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    Fantastic answer. This way OP gets to keep their job, and the underlying issue gets resolved (if possible) through collaboration. Apr 6 at 14:05
  • 56
    This is sound advice, but ignores the not unlikely option that the manager and/or company are just a bunch of idiots who are trying to bully employees into working more hours in an ill guided attempt to "get more work out of them".
    – fgysin
    Apr 6 at 15:01
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    @fgysin Ah, but that's just it. If you assume people are jerks, that tends to sour the relationship and they'll meet your expectations. On the other hand, if you act as if there are legitimate operational concerns, either 1. it's true - good thing you didn't pitch a fit over a miscommunication! or 2. you force them to respond to your legit problem-solving, and it becomes apparent very quickly that they're operating in bad faith. Then at least you know for sure, and you can say you tried. Apr 7 at 2:05
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    @SirTechSpec: No assumptions made. Given the statements: You need to work until the job is done, and There is always more work to do is the smoking gun of evidence that the boss is a jerk. Put these statements together, and the boss is saying literally that the employee should never stop working. aka. Jerk. Bigly.
    – Gerrat
    Apr 7 at 17:52
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    @Gerrat the two statements sound more like common-sensical cliches repeated without really thinking about them to me, rather than a manifesto for working people to death. Or something out of Japanese salaryman culture where you always leave after the boss. The thing is just to work out where the hard boundaries are, and not compromise your own reasonable limits.
    – Adam Burke
    Apr 8 at 0:39
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You need to work until the job is done.

There is always more work to do.

These two things don't add up. If you were to take that literally, you'd work 24/7. It also doesn't really make sense to say that you should work longer without saying how much longer.

But of course I wouldn't recommend telling your boss exactly that.

I would recommend:

  • Avoid always leaving at exactly 5 PM.

    I usually tend to leave at around 5-10 minutes after the end of my work hours, because that's how long it usually takes to get whatever I'm working on to a good place such that I can hit the ground running the next day, and I don't have to take half an hour just to figure out where I left things.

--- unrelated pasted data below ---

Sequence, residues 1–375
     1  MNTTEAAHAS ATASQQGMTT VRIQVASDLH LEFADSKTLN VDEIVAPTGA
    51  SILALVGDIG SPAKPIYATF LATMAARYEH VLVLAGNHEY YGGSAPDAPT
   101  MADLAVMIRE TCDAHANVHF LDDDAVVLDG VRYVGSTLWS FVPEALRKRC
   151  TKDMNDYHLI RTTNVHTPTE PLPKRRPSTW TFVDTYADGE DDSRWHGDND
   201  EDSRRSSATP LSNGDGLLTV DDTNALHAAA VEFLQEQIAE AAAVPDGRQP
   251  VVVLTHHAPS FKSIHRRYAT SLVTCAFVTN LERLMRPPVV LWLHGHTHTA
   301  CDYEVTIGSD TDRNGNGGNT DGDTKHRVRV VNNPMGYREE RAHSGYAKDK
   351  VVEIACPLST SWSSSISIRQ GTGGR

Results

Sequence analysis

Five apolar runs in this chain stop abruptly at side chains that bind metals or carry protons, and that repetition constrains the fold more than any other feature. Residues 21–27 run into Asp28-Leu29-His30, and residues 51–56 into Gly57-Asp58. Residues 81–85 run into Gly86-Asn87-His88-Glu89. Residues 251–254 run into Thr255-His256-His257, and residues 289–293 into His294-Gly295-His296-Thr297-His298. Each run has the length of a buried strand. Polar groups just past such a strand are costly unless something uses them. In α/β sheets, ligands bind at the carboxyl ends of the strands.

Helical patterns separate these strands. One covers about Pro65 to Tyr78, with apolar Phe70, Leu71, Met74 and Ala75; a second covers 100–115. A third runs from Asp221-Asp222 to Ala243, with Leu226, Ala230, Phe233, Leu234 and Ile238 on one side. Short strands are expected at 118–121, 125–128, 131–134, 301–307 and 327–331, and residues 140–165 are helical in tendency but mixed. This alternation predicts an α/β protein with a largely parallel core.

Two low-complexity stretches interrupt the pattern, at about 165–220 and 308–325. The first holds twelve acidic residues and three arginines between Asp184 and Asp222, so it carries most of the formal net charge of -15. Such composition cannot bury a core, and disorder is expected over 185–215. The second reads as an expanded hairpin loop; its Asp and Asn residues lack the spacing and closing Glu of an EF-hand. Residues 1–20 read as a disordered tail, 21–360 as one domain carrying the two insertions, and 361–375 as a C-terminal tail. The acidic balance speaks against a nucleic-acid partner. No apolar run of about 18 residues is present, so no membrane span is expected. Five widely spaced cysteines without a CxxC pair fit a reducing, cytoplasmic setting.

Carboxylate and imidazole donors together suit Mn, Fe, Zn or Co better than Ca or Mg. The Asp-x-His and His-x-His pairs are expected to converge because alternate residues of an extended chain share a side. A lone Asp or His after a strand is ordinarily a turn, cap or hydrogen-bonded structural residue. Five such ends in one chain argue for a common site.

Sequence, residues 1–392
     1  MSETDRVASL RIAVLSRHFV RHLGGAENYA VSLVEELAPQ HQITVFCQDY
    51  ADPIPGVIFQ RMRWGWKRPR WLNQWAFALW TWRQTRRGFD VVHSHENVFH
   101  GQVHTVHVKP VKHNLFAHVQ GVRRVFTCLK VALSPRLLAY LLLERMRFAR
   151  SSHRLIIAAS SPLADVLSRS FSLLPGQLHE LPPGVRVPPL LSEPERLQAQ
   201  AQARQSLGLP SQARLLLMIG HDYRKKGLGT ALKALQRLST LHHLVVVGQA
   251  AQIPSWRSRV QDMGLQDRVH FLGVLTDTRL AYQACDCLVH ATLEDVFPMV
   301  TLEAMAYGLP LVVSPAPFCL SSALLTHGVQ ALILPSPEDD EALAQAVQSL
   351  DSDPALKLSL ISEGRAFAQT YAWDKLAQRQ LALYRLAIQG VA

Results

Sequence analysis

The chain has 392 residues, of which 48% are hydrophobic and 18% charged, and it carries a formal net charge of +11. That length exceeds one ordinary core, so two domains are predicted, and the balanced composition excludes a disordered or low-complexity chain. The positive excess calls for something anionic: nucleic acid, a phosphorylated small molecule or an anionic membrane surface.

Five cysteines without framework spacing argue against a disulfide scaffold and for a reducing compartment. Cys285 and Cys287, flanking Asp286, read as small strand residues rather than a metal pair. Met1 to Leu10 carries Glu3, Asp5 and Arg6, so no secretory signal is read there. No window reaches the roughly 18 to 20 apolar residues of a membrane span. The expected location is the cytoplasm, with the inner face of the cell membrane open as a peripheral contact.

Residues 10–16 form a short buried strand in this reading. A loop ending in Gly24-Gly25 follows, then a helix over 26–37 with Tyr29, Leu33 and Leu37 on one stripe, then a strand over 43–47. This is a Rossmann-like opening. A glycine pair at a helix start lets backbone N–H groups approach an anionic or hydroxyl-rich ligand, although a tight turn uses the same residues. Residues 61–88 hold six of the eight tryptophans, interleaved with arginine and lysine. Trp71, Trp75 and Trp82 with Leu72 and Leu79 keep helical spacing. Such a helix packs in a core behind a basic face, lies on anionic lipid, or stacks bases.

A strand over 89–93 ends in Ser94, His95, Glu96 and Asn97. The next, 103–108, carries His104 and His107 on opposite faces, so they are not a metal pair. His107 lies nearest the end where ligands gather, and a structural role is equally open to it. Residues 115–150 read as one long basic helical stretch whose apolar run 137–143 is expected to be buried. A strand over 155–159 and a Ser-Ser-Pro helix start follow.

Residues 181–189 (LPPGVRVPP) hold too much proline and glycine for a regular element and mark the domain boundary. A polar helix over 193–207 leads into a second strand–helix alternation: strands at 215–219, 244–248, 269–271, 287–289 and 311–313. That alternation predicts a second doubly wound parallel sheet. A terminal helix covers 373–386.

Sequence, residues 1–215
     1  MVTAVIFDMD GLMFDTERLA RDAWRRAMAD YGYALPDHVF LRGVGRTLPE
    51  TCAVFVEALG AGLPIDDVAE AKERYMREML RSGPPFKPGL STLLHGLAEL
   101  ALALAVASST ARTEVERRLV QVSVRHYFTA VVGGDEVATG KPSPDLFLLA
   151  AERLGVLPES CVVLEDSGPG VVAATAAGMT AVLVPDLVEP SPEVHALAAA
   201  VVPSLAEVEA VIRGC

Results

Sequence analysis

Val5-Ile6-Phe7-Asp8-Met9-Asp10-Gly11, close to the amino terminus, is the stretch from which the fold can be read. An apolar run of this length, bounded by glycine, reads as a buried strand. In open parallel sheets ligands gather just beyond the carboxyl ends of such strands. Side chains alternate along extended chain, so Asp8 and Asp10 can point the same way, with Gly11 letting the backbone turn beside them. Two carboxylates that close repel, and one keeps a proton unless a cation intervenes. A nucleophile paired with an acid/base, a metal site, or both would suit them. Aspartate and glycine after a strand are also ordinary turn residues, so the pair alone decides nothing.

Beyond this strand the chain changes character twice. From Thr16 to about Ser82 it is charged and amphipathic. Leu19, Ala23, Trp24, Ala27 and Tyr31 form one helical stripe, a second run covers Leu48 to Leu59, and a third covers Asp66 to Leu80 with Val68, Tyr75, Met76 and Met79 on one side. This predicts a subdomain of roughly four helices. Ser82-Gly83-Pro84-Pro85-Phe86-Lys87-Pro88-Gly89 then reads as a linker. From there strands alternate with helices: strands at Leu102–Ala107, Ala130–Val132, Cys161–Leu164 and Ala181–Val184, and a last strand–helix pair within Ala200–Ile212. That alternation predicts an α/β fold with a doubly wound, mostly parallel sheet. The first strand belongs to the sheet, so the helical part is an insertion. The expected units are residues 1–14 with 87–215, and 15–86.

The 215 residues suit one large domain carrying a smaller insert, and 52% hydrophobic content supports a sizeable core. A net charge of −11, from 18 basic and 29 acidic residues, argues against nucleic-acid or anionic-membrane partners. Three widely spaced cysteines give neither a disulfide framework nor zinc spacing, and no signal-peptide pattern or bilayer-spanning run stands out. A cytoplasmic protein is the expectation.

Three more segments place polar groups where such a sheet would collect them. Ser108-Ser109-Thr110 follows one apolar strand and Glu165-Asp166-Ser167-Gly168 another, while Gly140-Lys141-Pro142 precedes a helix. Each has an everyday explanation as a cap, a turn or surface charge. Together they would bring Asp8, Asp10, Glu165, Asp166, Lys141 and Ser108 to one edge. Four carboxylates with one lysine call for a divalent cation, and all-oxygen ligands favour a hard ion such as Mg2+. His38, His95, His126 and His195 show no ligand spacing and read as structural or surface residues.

If someone leaves at exactly the end of their work hours, that's often (but not always) a sign that they haven't been doing anything for some amount of time before that for some reason or another, and they've just been clock-watching for a while. Another possibility is that they simply don't care all that much if they'd need to waste a lot of work time getting back to where they were.

    Now it may be that this doesn't apply to you, and that's fine. But leaving at exactly 5 PM can still create the impression that you actually stop working long before that or you don't care that much about your job.

    Whether the potential benefit of sometimes/often staying a few extra minutes outweighs the downside is something you'll need to figure out for yourself.

  • Ask questions if confronted about the time you leave.

    Limit the extent to which you defend the time you leave. Get them to defend why you should stay after 5 PM instead.

    "Those are my work hours" is a reasonable argument, but it's not a particularly compelling one if they don't care that much about strict work hours. The real problem is that they don't seem to have a good argument from their side, which is what you should focus on instead.

    If you dig deep enough, the reasoning behind asking you to work beyond 8 hours is one or more of:

    • You're not getting enough work done. This should be reflected in your performance review. If it isn't, this justification wouldn't be valid.

    • You're "on call" or you need to be reachable in case coworkers need you. This generally doesn't justify working more than 8 hours a day as you don't need to be working to be reachable, and it's not reasonable to generally be reachable far beyond your working hours in any case (officially being "on call" would be distinct from this).

    • It creates a bad impression for others. This typically isn't a particularly compelling justification, but you'll have to deal with why they say this is a problem on the fly.

      The main reason why they may say this is a problem is because others may work fewer hours and perform poorly as a result. But the counter-argument is that you working 8 hours wouldn't justify them working less than that, and their performance and actions should be judged independently of yours and doesn't have all that much to do with you.

      Another possibility is that most other people work e.g. 9-6 instead of 8-5, in which case their comment is a not-so-subtle sign that they want you to work 9-6 instead (even if they wouldn't admit as much). If that's the case, you can decide how much to push back on that.

    Of course exposing the fact that they don't have good justification should be done fairly carefully, and it would only get you so far. Ultimately they may still want you to work longer even without good justification. Which would nicely bring us to the next point...

  • Find another job.

    Some managers/companies just care too much about work hours, sometimes more than actual productivity.

    Those aren't particularly fun places to work for someone who values an 8-hour workday, and you wouldn't really be able to change the culture from the bottom up. But you may be able to get people to not care that much if you can perform on the same or a higher level than people who are overworking.

    If I were in such an environment, I'd stick to strictly 8 hours except in exceptional cases, not pay too much attention to people commenting on that (outside of formal performance reviews) and move on if it seems as though I wouldn't be able to be successful without overworking.